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Expanding to a new geography takes more than just setting up an office and hiring employees — it is imperative to understand the local market, compliance issues, human resource functions, payroll, in-country capital requirements etc. That involves around $80,000 — average cost to setup a startup in a new country that can be a huge cost. Rick Hammell - chief executive officer at the Chicago-based global employer of record (EOR) services firm, Elements Global Services highlights key problems that startups face in doing so.
It is important to understand the country’s culture where a company wants to expand. US-based online food ordering company Grubhub couldn’t do well in Singapore because it operated there as an American company. It didn’t understand the local culture at all. Small businesses and startups often don’t consider differences in working cultures abroad - especially when hiring locally. For example, in several markets across the AsiaPacific, employees are entitled to a week’s worth of leave. In South Korea, Taiwan, and Indonesia, women can take anywhere from one to three days of menstrual leave per month. Many startups venture out abroad without understanding the market, despite it being pivotal for their survival. By the time a company decides to expand they already have a work culture in place. It becomes difficult for them to adapt another culture and adjust according to an alien market. However, there are companies like Google which have been very successful in doing that.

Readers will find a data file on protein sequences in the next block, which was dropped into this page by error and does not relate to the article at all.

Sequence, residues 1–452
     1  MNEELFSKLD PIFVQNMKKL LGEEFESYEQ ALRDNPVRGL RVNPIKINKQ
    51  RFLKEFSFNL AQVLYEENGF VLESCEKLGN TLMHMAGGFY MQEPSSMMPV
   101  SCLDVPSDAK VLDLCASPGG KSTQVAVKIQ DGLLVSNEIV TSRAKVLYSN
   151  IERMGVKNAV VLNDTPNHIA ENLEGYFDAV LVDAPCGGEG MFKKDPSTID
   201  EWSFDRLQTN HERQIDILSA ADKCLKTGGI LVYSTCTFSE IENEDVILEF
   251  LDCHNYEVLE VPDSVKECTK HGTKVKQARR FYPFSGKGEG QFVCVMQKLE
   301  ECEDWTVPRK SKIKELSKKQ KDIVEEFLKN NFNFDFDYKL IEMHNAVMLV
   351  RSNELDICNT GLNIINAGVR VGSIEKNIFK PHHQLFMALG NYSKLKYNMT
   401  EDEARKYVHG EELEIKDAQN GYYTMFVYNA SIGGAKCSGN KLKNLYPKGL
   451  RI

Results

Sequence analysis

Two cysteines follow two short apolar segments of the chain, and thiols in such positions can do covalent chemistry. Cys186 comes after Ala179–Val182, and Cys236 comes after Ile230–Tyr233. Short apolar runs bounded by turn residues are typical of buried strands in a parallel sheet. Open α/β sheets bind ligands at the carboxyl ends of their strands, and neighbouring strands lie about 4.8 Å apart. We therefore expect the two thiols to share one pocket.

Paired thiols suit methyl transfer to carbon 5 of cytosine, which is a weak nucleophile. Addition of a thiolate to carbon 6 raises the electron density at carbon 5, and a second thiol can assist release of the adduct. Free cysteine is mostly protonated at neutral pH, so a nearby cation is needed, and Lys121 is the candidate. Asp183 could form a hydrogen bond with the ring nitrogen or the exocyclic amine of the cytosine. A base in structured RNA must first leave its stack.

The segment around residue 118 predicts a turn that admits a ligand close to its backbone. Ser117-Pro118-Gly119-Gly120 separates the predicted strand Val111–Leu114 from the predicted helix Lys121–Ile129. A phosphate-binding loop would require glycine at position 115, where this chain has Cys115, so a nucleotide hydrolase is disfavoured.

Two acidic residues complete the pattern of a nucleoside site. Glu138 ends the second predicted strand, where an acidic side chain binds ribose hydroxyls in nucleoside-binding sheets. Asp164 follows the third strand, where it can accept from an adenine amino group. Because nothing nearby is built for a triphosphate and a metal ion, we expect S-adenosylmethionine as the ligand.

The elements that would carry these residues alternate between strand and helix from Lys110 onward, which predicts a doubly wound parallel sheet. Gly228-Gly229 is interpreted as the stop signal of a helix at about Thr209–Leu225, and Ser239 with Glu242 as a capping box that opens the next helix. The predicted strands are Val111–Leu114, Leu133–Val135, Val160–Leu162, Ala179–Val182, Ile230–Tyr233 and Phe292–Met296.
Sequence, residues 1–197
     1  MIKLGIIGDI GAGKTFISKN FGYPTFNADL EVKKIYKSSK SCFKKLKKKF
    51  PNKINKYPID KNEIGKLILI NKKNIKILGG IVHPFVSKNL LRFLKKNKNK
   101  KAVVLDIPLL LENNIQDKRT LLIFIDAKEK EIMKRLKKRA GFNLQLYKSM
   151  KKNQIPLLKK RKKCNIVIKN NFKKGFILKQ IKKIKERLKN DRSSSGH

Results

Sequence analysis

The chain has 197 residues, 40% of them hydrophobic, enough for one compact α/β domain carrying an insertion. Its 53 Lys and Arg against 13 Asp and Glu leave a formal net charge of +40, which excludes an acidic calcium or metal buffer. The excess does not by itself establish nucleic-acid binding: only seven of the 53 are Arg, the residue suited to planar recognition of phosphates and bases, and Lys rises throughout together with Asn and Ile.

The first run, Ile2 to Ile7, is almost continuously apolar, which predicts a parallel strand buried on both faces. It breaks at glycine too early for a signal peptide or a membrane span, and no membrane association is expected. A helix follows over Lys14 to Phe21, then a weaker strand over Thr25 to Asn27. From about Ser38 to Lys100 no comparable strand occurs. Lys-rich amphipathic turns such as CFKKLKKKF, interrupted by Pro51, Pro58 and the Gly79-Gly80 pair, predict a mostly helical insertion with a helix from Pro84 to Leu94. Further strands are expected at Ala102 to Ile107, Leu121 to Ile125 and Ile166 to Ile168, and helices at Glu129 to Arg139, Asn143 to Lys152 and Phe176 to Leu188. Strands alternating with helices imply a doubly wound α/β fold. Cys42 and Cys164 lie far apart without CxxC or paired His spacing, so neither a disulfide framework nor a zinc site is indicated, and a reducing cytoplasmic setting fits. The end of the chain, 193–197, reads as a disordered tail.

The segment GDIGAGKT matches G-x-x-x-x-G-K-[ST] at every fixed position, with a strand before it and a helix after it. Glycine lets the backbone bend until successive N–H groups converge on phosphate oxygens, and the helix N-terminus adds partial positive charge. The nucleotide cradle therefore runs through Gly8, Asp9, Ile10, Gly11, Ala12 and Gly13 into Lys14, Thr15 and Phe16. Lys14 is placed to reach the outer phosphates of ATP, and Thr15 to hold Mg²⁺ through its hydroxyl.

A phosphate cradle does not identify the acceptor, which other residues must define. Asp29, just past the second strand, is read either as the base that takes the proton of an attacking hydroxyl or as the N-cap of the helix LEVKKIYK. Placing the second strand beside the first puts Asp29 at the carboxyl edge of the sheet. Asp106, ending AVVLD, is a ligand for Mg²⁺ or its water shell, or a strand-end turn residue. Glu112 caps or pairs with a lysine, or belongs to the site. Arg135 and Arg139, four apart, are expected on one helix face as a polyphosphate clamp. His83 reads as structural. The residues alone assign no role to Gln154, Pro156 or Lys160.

There are companies that don’t have capital for expansion, still they want to. The investment required to expand to different countries varies. For instance, in Indonesia you will have to spend around $250,000 in setting up operations. So, understanding strategically where you have to spend your capital is important. Choosing an EOR company will reduce cost to just $10,000.
While recruiting, ensure that you have the right kind of talent and have a plan for how you are going to support your talent and integrate them into the company. An issue we’ve faced when entering a new market is that the talent doesn’t feel he/she is truly part of the organization. When we launched our Singapore operations, we wanted to make sure that the team knew several parts of our operations so that they were comfortable and given the opportunity to acclimate.
Technology can also be an infrastructural issue looking at different regulations affecting different countries. Take the case of the European Union’s General Data Protection Regulation (GDPR). The companies which were managing data on their own digitally can’t do that anymore. They can’t transfer information into India through GDPR. While compliance can cost more for businesses, they can grow very quickly if they are compliant but if they are not then it can cost a lot of money in new geographies
(This article was first published in the November issue of Entrepreneur Magazine. To subscribe, click here)